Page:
|US7815662||8 Mar 2007||19 Oct 2010||Ethicon Endo-Surgery, Inc.||Surgical suture anchors and deployment device|
|US7896879||29 Jul 2005||1 Mar 2011||Vertos Medical, Inc.||Spinal ligament modification|
|US7942830||9 May 2006||17 May 2011||Vertos Medical, Inc.||Ipsilateral approach to minimally invasive ligament decompression procedure|
|US8029504||10 Dic 2009||4 Oct 2011||Ethicon Endo-Surgery, Inc.||Electroporation ablation apparatus, system, and method|
|US8037591||2 Feb 2009||18 Oct 2011||Ethicon Endo-Surgery, Inc.||Surgical scissors|
|US8057499||18 Ago 2007||15 Nov 2011||Jeffrey Grayzel||Ergonomic hand instrument|
|US8070759||30 May 2008||6 Dic 2011||Ethicon Endo-Surgery, Inc.||Surgical fastening device|
|US8075572||26 Abr 2007||13 Dic 2011||Ethicon Endo-Surgery, Inc.||Surgical suturing apparatus|
|US8100922||27 Abr 2007||24 Ene 2012||Ethicon Endo-Surgery, Inc.||Curved needle suturing tool|
|US8114072||30 May 2008||14 Feb 2012||Ethicon Endo-Surgery, Inc.||Electrical ablation device|
|US8114119||9 Sep 2008||14 Feb 2012||Ethicon Endo-Surgery, Inc.||Surgical grasping device|
|US8128649 *||16 Dic 2008||6 Mar 2012||Slater Charles R||Spring scissor blade|
|US8142493||22 Jul 2008||27 Mar 2012||Mitralign, Inc.||Method of heart valve repair|
|US8157834||25 Nov 2008||17 Abr 2012||Ethicon Endo-Surgery, Inc.||Rotational coupling device for surgical instrument with flexible actuators|
|US8172772||11 Dic 2008||8 May 2012||Ethicon Endo-Surgery, Inc.||Specimen retrieval device|
|US8205619||10 Mar 2010||26 Jun 2012||Tyco Healthcare Group Lp||Method of preventing articulation in a surgical instrument|
|US8211125||15 Ago 2008||3 Jul 2012||Ethicon Endo-Surgery, Inc.||Sterile appliance delivery device for endoscopic procedures|
|US8241204||29 Ago 2008||14 Ago 2012||Ethicon Endo-Surgery, Inc.||Articulating end cap|
|US8252057||30 Ene 2009||28 Ago 2012||Ethicon Endo-Surgery, Inc.||Surgical access device|
|US8262563||14 Jul 2008||11 Sep 2012||Ethicon Endo-Surgery, Inc.||Endoscopic translumenal articulatable steerable overtube|
|US8262655||21 Nov 2007||11 Sep 2012||Ethicon Endo-Surgery, Inc.||Bipolar forceps|
|US8262680||10 Mar 2008||11 Sep 2012||Ethicon Endo-Surgery, Inc.||Anastomotic device|
|US8317806||30 May 2008||27 Nov 2012||Ethicon Endo-Surgery, Inc.||Endoscopic suturing tension controlling and indication devices|
|US8337394||1 Oct 2008||25 Dic 2012||Ethicon Endo-Surgery, Inc.||Overtube with expandable tip|
|US8353487||17 Dic 2009||15 Ene 2013||Ethicon Endo-Surgery, Inc.||User interface support devices for endoscopic surgical instruments|
|US8361066||12 Ene 2009||29 Ene 2013||Ethicon Endo-Surgery, Inc.||Electrical ablation devices|
|US8361112||27 Jun 2008||29 Ene 2013||Ethicon Endo-Surgery, Inc.||Surgical suture arrangement|
|US8398673||6 Feb 2009||19 Mar 2013||Surgical Innovations V.O.F.||Surgical instrument for grasping and cutting tissue|
|US8403926||5 Jun 2008||26 Mar 2013||Ethicon Endo-Surgery, Inc.||Manually articulating devices|
|US8409200||3 Sep 2008||2 Abr 2013||Ethicon Endo-Surgery, Inc.||Surgical grasping device|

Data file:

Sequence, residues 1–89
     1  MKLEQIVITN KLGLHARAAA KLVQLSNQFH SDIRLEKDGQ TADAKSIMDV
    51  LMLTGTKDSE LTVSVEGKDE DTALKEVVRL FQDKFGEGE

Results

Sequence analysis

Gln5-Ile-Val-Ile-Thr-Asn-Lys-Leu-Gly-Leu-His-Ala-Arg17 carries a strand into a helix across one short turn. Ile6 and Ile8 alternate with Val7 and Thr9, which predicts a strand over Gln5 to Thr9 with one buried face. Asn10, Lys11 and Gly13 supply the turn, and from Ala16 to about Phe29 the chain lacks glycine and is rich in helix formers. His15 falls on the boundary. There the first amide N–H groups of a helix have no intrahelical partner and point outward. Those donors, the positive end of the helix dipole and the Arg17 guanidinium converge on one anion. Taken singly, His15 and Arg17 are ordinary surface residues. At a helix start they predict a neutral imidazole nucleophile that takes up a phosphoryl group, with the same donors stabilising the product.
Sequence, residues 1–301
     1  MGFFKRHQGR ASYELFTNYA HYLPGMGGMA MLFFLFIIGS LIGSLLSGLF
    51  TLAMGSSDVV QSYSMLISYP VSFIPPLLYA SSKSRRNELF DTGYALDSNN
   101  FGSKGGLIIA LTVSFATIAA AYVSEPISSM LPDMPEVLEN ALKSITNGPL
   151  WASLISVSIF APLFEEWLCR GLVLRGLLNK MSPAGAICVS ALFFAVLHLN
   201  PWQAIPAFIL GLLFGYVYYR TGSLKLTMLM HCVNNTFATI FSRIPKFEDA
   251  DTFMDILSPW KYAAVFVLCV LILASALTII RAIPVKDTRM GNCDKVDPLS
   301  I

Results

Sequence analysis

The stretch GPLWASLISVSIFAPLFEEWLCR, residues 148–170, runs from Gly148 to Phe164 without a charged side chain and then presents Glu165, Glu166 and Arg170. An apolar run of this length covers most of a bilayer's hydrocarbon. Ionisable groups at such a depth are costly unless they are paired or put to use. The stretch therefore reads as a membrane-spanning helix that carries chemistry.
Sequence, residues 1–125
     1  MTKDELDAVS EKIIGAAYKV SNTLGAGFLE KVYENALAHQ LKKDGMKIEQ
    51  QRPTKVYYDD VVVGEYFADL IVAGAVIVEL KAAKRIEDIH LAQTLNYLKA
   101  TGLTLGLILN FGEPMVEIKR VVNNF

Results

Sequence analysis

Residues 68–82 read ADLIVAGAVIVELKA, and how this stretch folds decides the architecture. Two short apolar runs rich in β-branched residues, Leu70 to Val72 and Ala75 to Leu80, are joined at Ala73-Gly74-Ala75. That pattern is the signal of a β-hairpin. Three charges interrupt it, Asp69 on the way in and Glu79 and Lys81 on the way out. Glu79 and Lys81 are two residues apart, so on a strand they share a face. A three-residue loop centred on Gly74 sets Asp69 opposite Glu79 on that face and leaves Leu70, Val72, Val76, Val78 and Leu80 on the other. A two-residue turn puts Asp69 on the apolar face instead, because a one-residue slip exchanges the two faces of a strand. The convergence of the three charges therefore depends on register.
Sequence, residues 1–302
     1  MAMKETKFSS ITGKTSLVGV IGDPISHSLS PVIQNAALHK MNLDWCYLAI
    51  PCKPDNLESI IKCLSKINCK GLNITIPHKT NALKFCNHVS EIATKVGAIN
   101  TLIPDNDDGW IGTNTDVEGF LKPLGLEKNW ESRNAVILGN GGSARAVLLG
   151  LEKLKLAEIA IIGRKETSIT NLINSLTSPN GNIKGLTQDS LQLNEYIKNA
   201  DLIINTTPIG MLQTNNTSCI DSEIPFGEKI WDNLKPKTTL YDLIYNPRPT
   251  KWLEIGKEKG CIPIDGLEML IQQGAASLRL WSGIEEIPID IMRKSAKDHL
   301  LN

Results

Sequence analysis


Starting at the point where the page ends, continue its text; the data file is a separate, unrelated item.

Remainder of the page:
|US8425505||25 Ago 2011||23 Abr 2013||Ethicon Endo-Surgery, Inc.||Electroporation ablation apparatus, system, and method|
|US8449538||27 Ene 2010||28 May 2013||Ethicon Endo-Surgery, Inc.||Electroporation ablation apparatus, system, and method|
|US8460371||21 Oct 2003||11 Jun 2013||Mitralign, Inc.||Method and apparatus for performing catheter-based annuloplasty using local plications|
|US8480657||31 Oct 2007||9 Jul 2013||Ethicon Endo-Surgery, Inc.||Detachable distal overtube section and methods for forming a sealable opening in the wall of an organ|
|US8480689||2 Sep 2008||9 Jul 2013||Ethicon Endo-Surgery, Inc.||Suturing device|
|US8491627||3 Mar 2008||23 Jul 2013||W. L. Gore & Associates, Inc.||Coupling system useful in the placement of implants|
|US8496574||17 Dic 2009||30 Jul 2013||Ethicon Endo-Surgery, Inc.||Selectively positionable camera for surgical guide tube assembly|
|US8506564||18 Dic 2009||13 Ago 2013||Ethicon Endo-Surgery, Inc.||Surgical instrument comprising an electrode|
|US8529563||25 Ago 2008||10 Sep 2013||Ethicon Endo-Surgery, Inc.||Electrical ablation devices|
|US8568410||25 Abr 2008||29 Oct 2013||Ethicon Endo-Surgery, Inc.||Electrical ablation surgical instruments|
|US8574228||30 Jun 2010||5 Nov 2013||Olympus Corporation||Ultrasound treatment system|
|US8579897||21 Nov 2007||12 Nov 2013||Ethicon Endo-Surgery, Inc.||Bipolar forceps|
|US8603130||27 Feb 2008||10 Dic 2013||Jeffrey Grayzel||Instrument for engaging a body structure|
|US8608652||5 Nov 2009||17 Dic 2013||Ethicon Endo-Surgery, Inc.||Vaginal entry surgical devices, kit, system, and method|
|US8608762||8 Ago 2008||17 Dic 2013||Vertos Medical, Inc.||Translaminar approach to minimally invasive ligament decompression procedure|
|US8652150||30 May 2008||18 Feb 2014||Ethicon Endo-Surgery, Inc.||Multifunction surgical device|
|US8672935||30 Jun 2010||18 Mar 2014||Olympus Corporation||Ultrasound treatment system|
|US8679003||30 May 2008||25 Mar 2014||Ethicon Endo-Surgery, Inc.||Surgical device and endoscope including same|
|US8690904||18 Ago 2007||8 Abr 2014||Jeffrey Grayzel||Percutaneous access conduit|
|US8696671 *||31 Jul 2006||15 Abr 2014||Vertos Medical Inc.||Percutaneous tissue excision devices|
|US8734477||20 Sep 2013||27 May 2014||Vertos Medical, Inc.||Translaminar approach to minimally invasive ligament decompression procedure|
|US8771260||30 May 2008||8 Jul 2014||Ethicon Endo-Surgery, Inc.||Actuating and articulating surgical device|
|US8828031||12 Ene 2009||9 Sep 2014||Ethicon Endo-Surgery, Inc.||Apparatus for forming an anastomosis|
|US8834501 *||18 Nov 2011||16 Sep 2014||Slater Endoscopy, Llc||Scissors assembly|
|US8845723||13 Mar 2007||30 Sep 2014||Mitralign, Inc.||Systems and methods for introducing elements into tissue|